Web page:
Posted April 29, 2008
Lyric Opera of Chicago recently announced its 2008/09 season, and Chicago Opera Theater’s 2008 season kicks off this week. Looking to shake up your routine with a night at the opera but not sure which show is for you? Prep for your big night out (or just spend a night at home on the couch) with music from the Library.
Lyric Opera of Chicago 2008/2009 Season:
Manon by Massenet - Available on DVD and CD
The Pearl Fishers by Bizet - Available on CD
Lulu by Berg - Available on DVD and CD
Porgy and Bess by Gershwin - Available on CD (alternate CD)
Madama Butterfly by Puccini - Available on DVD, CD and downloadable format
Tristan und Isolde by Wagner - Available on DVD, CD and downloadable format
Cavalleria Rusticana by Mascagni and Pagliacci by Leoncavallo - Available on DVD and CD (Cavalleria, Pagliacci)
The Abduction from the Seraglio by Mozart - Available on DVD and CD
Chicago Opera Theater 2008 season:
Don Giovanni by Mozart - Available on DVD in many editions and also on CD
A Flowering Tree by Adams - New opera, not available as a recording
Orlando by Handel - Available on CD
April is National Poetry Month
Posted April 24, 2008
Come celebrate National Poetry Month at the Chicago Public Library! Join us this Saturday, April 26 for our ninth annual Poetry Fest, a free festival of poetry readings, workshops, performances and discussions at Harold Washington Library Center. This year we are very excited to welcome Charles Simic, poet laureate of the United States, for a reading co-sponsored with the Poetry Foundation in the Cindy Pritzker Auditorium at noon. Simic immigrated to the United States from Yugoslavia as a teen and lived in and around Chicago during the 1950s. He’s published 18 books of poetry and has received many awards from the Pulitzer to a MacArthur Fellowship. A book sale and signing will follow the reading. Other Poetry Fest events include:
Dear World: The Lively Art of Writing Letter Poems with Alice George
Poetry Cram: An Open Mic hosted by C.J. Laity
Poetry Wheel: A Demonstration and Open Mic with the Poets’ Club of Chicago
Performance of Poetry: A Workshop with Coya Paz
The Book of Green: a poetry video by Mary Russell and Gerard Wozek
Pre-Teen Book Club: A Don’t Bump the Glump! Shelebration
The Poetry Center of Chicago’s 14th Annual Juried Reading
Also, check out databases and websites specializing in poetry, and upcoming poetry events at Chicago Public Library, featured on our Poetry Resources webpage.
The Fair of the Book and the Rose
Posted April 23, 2008
In Spain each spring, mostly in and around the city of Barcelona, they celebrate the feast day of St. George on April 23 with a festival known as “The Fair of the Book and the Rose.” St. George (Jordi in Catalan) is mostly known for the mythical story of slaying a dragon, but he is also the patron saint of Catalonia, a region in northeastern Spain. While most of the world’s lovers give roses on St. Valentine’s Day, since the 15th century they have been exchanging them on St. Jordi’s day in Barcelona, apparently due to a part of the dragon-slaying legend that says that blood from the slain dragon splashed on the ground and sprouted into a rosebush. St. George then plucked a rose and gave it to the fair damsel that he had just saved from being dragon dinner. The Catalans, with a love of literature and a good party, have mashed together the Saint’s day with a celebration of books due to the death on April 23, 1616 of two of world’s most beloved authors: Miguel de Cervantes and William Shakespeare. Barcelonans stroll the hundreds of bookstalls that spring up along their city’s beautiful streets, buying books and roses to bestow on their loves. According to Unesco, over 400,000 books are purchased in Barcelona on St. Jordi’s Day, along with 6 million roses. Traditionally, a woman would give a book to a man, and he will in turn give her a rose. In recent years, Catalan women decided the men were getting the better end of the deal, and now both partners exchange books. The women still get the roses, though.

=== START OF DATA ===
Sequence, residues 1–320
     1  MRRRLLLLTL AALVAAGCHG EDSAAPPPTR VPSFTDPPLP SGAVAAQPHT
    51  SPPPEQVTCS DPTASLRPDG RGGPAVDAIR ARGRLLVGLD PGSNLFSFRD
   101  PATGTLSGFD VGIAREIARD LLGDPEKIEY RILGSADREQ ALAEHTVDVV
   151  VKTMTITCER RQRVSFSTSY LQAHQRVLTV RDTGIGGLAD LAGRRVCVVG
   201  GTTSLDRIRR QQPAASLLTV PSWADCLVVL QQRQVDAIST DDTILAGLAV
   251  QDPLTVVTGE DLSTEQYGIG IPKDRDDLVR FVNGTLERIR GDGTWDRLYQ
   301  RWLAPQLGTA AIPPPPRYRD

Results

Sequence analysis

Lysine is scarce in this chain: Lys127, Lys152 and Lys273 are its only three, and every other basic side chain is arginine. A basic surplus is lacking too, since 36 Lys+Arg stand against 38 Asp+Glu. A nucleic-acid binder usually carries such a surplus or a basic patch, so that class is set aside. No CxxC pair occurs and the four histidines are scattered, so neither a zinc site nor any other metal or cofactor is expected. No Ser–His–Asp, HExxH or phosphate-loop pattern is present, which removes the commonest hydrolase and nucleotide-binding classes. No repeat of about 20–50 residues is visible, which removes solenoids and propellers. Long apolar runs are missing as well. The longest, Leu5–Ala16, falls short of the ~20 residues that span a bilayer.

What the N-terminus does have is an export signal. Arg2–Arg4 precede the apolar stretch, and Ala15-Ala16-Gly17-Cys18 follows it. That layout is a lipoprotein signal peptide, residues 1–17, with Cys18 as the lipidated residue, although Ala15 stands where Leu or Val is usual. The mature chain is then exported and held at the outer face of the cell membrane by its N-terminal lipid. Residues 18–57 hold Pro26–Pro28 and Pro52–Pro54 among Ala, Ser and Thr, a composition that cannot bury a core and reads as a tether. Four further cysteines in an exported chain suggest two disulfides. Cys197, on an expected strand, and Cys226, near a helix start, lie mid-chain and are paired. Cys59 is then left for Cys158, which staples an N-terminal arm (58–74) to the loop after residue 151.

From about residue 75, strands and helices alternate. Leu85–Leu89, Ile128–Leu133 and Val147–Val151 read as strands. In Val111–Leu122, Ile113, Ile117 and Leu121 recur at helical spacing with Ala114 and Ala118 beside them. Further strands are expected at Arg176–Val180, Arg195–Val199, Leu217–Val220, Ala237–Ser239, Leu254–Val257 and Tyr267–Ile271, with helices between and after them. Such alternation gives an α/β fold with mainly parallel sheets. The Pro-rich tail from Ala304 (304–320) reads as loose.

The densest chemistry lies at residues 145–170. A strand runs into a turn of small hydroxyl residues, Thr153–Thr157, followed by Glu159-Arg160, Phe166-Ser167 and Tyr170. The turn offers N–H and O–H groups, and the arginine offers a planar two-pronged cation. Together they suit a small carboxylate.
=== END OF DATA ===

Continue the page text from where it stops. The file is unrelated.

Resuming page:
National Library Week Videos
Posted April 17, 2008
It’s not too late to put on a party hat and celebrate National Library Week! Go to your local library and take a minute to savor the very fact that this institution exists. Where else can you imagine you would be able to find shiny new bestsellers, action-packed DVDs, volumes of love poetry, a CD of your favorite band, an audiobook version of a new thriller and a book on how to train your poodle? And all for free! Not to mention that the library is a great place to hang out, check your email, ask a reference question and read the latest issue of People magazine. On this 50th anniversary of National Library Week, we would like to share a couple of videos from the website of American Libraries (the magazine of the American Library Association). We think they are a unique, not to mention entertaining, salute to libraries.
DIY Film Fest: Raymond Chandler
Posted April 15, 2008
Continuing our salute to One Book, One Chicago author Raymond Chandler, we suggest that you settle onto a comfy couch for your own Chandler film fest. Most of the movies listed would fall into the film noir category: dark, gritty crime dramas with femmes fatales and conflicted heroes. Chandler’s writing works well on film, due to his iconic characters, moody settings and slick hand with dialogue. His novels and those of contemporary Dashiell Hammett set the tone for virtually every private eye in print or on celluloid that followed. A famous quote by Chandler on the subject of writing gives a good idea of what to expect: “When in doubt, have a man come through the door with a gun in his hand.”
Movies based on Chandler’s books:
The Long Goodbye